Author:  Magdalena Tulli

Publisher: Archipelago Books

ISBN: 978-1-935744-08-5

Because Bill Johnston led the workshop I attended at the Bread Loaf Translators' Conference, I bought his translation of In Red by Magdalena Tulli. Johnston has published over thirty book-length translations from the Polish, including poetry, prose, and drama. He teaches literary translation at Indiana University.

Magdalena Tulli is a Polish novelist and translator and is one of Poland's leading writers. She's won the Gdynia Literary Prize and been short-listed five times for the Nike Award, Poland's most prominent literary prize. While her own novels have been translated into a number of languages, she has translated Proust, Calvino, and Fleur Jaeggy into Polish.

Tulli's novel In Red is a physically small paperback, a five-and-a-half by six-and-a-half-inch rectangle, 158 pages, around 46,000 words. More than a short story. A novella. But rich in image, rich in language, rich in vision.

It is—more or less—the modern history of a fictional Polish town somewhere on the Baltic coast, close to Sweden, but too close to Germany, too close to Russia. It begins: 

"Whoever has been everywhere and seen everything, last of all should pay a visit to Stitchings. Simply take a seat in a sleigh and before being overcome by sleep, speed across a plain that's as empty as a blank sheet of paper, boundless as life itself. Sooner or later this someone—perhaps a traveling salesman with a valise full of samples—will see great mounds of snow stretching along streets to the four corners of the earth, toward empty, icy expanses. He'll see pillars made of icicles, their snowy caps lost in the dark of a wintry sky. He'll draw into his lungs air as sharp as a razor that cuts feeling away from breath. He'll come to appreciate the benefits of a climate forever unencumbered by restless springtime breezes, by the indolence of summer swelter, or the misty sorrows of autumn. He'll take a liking to frost, which conserves feelings and capital, protecting both from the corruption of decay."

Before WWI, Stitchings' three main industries were Loom & Son, merchant and manufacturer of ladies' corsets, Strobbel's porcelain factory, and Neumann's phonograph-record factory. During the war, an enemy plane managed to bomb both Strobbel's and Neumann's warehouses. Although the colonel in charge of the town's defense emptied his pistol at it, "the airplane taunted the colonel. Time and again it appeared out of the blue, only to soar upward at the last minute, before the very noses of the artillerymen. The cannon was hurriedly reloaded and fired again. The aircraft, its undercarriage in shreds, went spinning halfway across the sky, trailing clouds of smoke as black as pitch, and crashed into the black rotunda of the municipal gas works. There was an explosion, and gas lighting went out across the entire town."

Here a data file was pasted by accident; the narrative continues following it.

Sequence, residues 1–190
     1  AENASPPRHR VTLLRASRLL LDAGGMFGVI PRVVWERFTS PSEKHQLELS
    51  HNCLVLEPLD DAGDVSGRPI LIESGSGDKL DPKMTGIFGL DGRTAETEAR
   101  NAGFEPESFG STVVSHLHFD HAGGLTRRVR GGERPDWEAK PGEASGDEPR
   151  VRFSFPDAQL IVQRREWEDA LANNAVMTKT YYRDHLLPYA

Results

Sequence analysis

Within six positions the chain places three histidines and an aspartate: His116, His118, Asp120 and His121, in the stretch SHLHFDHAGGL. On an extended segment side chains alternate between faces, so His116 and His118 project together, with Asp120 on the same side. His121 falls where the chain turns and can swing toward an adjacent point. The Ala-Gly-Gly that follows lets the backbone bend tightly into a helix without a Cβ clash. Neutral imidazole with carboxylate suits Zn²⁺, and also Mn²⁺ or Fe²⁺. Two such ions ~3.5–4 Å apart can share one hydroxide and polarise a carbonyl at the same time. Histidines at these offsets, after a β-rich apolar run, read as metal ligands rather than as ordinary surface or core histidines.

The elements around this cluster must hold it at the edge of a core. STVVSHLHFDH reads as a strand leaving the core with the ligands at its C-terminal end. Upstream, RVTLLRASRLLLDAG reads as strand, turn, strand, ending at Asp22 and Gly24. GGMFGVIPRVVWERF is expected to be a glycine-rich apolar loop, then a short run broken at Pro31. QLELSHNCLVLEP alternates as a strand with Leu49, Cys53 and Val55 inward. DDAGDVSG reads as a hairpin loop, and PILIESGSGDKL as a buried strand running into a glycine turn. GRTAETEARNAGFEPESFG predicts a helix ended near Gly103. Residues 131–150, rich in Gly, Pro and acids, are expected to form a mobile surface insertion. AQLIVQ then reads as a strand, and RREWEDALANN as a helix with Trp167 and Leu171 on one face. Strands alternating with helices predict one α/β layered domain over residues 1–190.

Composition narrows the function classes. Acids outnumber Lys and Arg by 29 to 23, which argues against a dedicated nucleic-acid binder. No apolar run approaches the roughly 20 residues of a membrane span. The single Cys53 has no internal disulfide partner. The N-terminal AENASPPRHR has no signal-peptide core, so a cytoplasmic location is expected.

After the war, Neumann's works convert to manufacturing radio sets; Strobbel's porcelain factory—now Slotsky & Co—begins producing commodes and sanitary appliances; and Loom, which had survived the war on military contracts manufacturing shoddy uniforms, becomes a munitions plant.

Aspiring writers are told (I was told; I tell aspiring writers): Read the best stuff you can get your hands on. Read In Red because it demonstrates how much can be said with relatively few words. It opens possibilities for fiction. We learn about the town; we follow its history through the war and into the post-war period; we meet a number of vivid characters: Emilka, the Loom daughter who refuses to die properly; her suitor, Kazimierz, the town counselor's haughty son; Felek Chmura, Kazimierz's orderly, who returns from the war to become the town's leading citizen; Madam at the bawdy house that services both the town's leading citizens and the sailors from the port; Natalie Zugoff, a chanteuse so imperious, so extraordinary. and so captivating she can fill Jacques Rauch's theater night after night, and more and more.

Toward the end of the novel, Tulli writes, "Whoever wishes to leave Stitchings can avail himself of two methods. If he is an outsider—for example, a traveling salesman of his own virtues, obliged to compete for a favorable market, or a collector of experiences whom life has taught humility—without a second thought he ought to ascend at dawn in a passenger cabin suspended beneath a dirigible balloon. For it's easy to sail among the clouds, where the sun casts its pink rays over the cranes of the port and the docks, over the roofs of the banks, over the stock exchange . . ." If this person wishes to leave by ship or train, "he'll quickly realize that the desire to leave bears no relation whatsoever to the calendar or the clock. The right moment never comes at any time." Without a balloon, we are stuck in Stitchings forever.